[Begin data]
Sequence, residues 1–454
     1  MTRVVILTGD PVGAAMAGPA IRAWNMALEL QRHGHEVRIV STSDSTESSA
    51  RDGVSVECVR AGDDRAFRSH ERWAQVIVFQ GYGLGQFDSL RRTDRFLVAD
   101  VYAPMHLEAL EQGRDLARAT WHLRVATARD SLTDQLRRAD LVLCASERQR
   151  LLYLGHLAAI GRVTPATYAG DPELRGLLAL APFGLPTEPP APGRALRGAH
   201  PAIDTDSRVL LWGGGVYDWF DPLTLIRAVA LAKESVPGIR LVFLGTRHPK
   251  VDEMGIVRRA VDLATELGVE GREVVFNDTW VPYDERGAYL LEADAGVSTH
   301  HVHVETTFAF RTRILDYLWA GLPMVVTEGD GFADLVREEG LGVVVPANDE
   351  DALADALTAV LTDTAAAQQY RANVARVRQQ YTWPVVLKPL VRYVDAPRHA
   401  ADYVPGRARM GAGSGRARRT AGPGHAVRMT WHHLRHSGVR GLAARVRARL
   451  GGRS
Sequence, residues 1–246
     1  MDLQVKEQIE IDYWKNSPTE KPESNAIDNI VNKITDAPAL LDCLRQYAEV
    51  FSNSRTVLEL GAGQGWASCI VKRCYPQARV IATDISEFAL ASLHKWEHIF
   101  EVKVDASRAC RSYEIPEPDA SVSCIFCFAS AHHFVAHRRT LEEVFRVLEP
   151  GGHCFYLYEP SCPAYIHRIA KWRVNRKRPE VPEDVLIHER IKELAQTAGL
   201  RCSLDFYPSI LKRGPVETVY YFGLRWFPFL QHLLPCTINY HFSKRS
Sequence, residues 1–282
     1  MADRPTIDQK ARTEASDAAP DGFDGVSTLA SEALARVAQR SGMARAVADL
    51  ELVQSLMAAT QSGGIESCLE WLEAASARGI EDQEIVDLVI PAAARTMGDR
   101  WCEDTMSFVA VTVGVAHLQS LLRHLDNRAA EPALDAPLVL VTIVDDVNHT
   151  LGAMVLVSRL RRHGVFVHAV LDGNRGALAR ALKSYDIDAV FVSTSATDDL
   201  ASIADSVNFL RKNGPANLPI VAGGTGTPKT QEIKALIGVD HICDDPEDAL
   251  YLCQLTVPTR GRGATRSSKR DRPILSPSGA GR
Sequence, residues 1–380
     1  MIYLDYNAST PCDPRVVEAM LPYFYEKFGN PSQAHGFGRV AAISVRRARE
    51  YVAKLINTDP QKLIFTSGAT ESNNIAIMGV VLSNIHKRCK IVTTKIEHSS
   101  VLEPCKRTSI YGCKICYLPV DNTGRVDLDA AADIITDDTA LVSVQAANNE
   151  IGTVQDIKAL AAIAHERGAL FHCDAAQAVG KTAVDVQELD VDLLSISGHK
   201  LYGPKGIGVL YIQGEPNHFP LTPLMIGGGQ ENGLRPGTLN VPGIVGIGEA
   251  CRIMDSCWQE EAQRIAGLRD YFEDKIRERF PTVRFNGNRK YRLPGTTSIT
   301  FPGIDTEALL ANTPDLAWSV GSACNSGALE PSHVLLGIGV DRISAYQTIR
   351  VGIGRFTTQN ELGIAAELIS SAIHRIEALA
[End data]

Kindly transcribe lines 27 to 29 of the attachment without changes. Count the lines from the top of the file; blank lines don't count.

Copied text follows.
    51  YVAKLINTDP QKLIFTSGAT ESNNIAIMGV VLSNIHKRCK IVTTKIEHSS
   101  VLEPCKRTSI YGCKICYLPV DNTGRVDLDA AADIITDDTA LVSVQAANNE
   151  IGTVQDIKAL AAIAHERGAL FHCDAAQAVG KTAVDVQELD VDLLSISGHK